It’s Not About You
What makes for a catchy nursery rhyme does not play well in fundraising. If your donor materials still echo the tiniest little piggy’s refrain – “we, we, we” – it’s time to sing a different tune that touches hearts.
It’s not about you!
“People don’t give to our ministries because ‘we’ are so great,” explains Jim Bakke, executive director for Barnabas Foundation. “People give because they want to be part of something greater.”
We must connect with their hearts.
Supporters will give token offerings to a variety of ministries just because they are asked. If we want to foster long-term relationships, however, we must connect with their hearts. It is their hearts that keep them giving beyond the courtesy, compelling them to invest their time, energy, thoughts, prayers and money.
Tell the Right Story
Yet, most of the time, we’re telling the wrong story.
“We can get so narcissistic in our fundraising that we miss making the connection,” says Bakke. “Telling them our financial needs only makes sense after we've talked to them about transformation.”
A recent series of reports out of the Indiana University Lilly Family School of Philanthropy underscore this power of heart connections. They found that supporters were more likely to give to organizations with which they had a personal connection and from whom they had received empathic messaging. Supporters were also more inclined to give repeatedly if they believed in the organization’s mission.
Making the Connection
What does it take to make that kind of connection to your supporters’ hearts?
Connect your mission to their passions.
Take time to reflect on the motivations, desires and experiences of your current and potential ministry supporters. Ask questions, invite them to engage and seek a greater understanding of who your supporters are and what makes them tick.
Who are the people most likely to invest in your mission? Of all the causes in the world, why would they choose yours? What are they thinking about? With whom and where are they spending their time? What are their hopes? What are their fears? Also, what messages are they hearing from the world? Develop a visual, written and/or imagined representation of your typical supporter. Then keep that persona at the forefront of your mind as you craft your messaging.
Tell the story of one.
We love to share statistics showing total impact, but big numbers only get us so far. It’s the individual stories of transformation that really stick. Tell the story of one.
Uncover and share impact stories that will capture your supporters’ hearts and spark their imaginations.
Uncover and share impact stories that will capture your supporters’ hearts and spark their imaginations. Rather than writing about the thousands of lives that were changed last year, describe the impact on one child, one mother, one family, one village.
Write compelling donor stories to share the ripple effect that one individual or couple can have through their generosity. Change the narrative about societal giving norms by using emotive words and authentic images to illustrate the lifestyles, motivations, behaviors and joy of people just like them. Describe how that one person caught the vision and why their giving makes all the difference.
Invite them into transformation.
Stop treating your supporters as the means to the mission. Instead, invite them to be the carriers and doers of the mission. Change the paradigm. They are not casual bystanders fronting the bills; they are active participants in your ministry’s transformational work. Eliminate the middleman, i.e., the “we.”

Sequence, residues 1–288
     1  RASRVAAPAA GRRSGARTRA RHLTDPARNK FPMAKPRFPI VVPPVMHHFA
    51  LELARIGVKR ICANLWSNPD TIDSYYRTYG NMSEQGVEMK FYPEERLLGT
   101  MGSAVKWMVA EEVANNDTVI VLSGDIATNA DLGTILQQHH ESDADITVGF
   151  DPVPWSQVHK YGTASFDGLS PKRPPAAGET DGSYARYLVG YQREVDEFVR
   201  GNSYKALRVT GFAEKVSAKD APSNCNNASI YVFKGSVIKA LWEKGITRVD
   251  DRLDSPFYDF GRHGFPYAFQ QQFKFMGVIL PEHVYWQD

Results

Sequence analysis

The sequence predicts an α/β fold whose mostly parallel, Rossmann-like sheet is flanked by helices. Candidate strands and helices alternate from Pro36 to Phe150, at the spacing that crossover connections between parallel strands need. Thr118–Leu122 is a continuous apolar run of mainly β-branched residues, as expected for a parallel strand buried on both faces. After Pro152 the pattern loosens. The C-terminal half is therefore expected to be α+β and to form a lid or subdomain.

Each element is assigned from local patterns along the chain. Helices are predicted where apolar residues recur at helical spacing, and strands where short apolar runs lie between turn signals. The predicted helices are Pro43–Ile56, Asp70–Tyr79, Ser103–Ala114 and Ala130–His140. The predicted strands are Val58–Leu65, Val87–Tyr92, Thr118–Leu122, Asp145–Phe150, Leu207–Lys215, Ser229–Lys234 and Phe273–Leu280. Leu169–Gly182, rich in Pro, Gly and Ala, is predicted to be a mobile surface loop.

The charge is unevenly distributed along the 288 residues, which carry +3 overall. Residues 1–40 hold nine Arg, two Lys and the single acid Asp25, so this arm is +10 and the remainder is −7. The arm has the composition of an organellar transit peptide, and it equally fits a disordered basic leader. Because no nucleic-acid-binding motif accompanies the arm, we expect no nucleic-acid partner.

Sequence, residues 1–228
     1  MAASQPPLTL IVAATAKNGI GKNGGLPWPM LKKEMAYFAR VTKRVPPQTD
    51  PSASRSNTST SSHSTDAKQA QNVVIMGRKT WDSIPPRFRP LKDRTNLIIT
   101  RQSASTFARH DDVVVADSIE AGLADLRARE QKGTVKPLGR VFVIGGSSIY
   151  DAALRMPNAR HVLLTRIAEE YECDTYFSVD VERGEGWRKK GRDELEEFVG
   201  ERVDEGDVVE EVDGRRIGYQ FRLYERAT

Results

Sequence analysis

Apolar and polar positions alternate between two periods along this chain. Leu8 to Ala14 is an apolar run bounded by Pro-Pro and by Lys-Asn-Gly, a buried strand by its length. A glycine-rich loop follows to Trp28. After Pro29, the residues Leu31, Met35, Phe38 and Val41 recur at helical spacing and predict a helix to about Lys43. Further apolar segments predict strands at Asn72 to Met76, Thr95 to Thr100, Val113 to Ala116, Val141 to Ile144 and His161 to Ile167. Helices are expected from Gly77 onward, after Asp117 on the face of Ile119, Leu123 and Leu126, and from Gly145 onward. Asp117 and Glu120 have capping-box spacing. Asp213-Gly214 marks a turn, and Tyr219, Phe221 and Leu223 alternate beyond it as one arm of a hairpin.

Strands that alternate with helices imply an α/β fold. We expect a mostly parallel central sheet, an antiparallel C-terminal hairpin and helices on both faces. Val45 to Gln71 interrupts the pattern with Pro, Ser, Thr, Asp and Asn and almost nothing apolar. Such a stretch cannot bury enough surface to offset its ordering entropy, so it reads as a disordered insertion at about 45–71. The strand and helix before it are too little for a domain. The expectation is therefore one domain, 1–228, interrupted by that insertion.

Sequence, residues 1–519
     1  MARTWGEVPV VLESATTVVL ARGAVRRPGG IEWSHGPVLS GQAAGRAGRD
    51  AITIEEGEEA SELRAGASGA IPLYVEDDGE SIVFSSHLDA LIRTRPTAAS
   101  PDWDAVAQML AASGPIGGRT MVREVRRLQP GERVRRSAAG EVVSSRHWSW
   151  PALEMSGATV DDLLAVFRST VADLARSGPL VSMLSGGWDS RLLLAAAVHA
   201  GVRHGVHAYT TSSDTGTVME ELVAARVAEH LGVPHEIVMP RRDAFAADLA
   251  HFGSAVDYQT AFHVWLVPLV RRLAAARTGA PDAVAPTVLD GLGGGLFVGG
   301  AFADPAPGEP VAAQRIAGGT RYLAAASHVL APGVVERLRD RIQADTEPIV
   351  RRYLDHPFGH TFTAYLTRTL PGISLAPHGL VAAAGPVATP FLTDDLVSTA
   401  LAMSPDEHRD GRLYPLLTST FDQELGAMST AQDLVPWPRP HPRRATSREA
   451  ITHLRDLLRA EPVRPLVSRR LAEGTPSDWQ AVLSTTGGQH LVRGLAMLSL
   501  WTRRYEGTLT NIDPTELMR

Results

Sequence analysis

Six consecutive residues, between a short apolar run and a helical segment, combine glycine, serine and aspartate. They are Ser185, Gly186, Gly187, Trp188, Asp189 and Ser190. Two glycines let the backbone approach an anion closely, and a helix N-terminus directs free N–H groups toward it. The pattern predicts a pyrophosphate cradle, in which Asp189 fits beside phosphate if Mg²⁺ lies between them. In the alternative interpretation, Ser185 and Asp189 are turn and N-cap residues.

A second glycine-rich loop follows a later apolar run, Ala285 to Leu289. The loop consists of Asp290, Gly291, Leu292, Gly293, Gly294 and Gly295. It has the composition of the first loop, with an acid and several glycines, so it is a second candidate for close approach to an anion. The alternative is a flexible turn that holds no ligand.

In his June 2022 LinkedIn article, “The Donor and the Universal Hero Story,” Dr. Russell James, professor of charitable financial planning at Texas Tech University, writes that the desire for heroism is universal.
“No one wants an obituary that reads simply, ‘He made a lot of money,’” he explains. “Through philanthropy, donors can support meaningful values that transcend their own lives. They can impact others beyond themselves. They can leave a legacy that will last beyond their own lives. In short, philanthropy allows donors to be heroic.”
For Christians, that desire often goes even deeper.
Your supporters may or may not want the accolades or to have their names go down in history. They do want to know they’ve made a difference. They want to be part of his story. Their desire is to replicate what they’ve seen Jesus do in and through them by sharing his hope, his love, his freedom in a broken world. By inviting them to support your mission, you offer them a practical and meaningful way to accomplish that kind of impact.
Following God’s Leading
Above all else, connecting with supporters’ hearts requires our own obedience to God’s leading.
“The earth is the LORD’s, and everything in it, the world, and all who live in it” (Psalm 24:1).
“Everything” certainly includes our supporters, our ministries, our day jobs. This is his work, not ours. Apart from him, we can do nothing.
So, before you type, post or produce a single message, pray for his words. Pray for his creativity. Pray for his wisdom. Ask, "What are you calling your people to do, Lord? In what ways do you want to speak through me?"
Ministries flourish and supporters are fulfilled when our hearts beat in rhythm with the Father’s.
Heather M. Day, director of marketing for Barnabas Foundation, has 20-plus years of leadership experience in the fields of marketing, communications and fundraising. She holds a bachelor’s degree and an executive MBA from Olivet Nazarene University.
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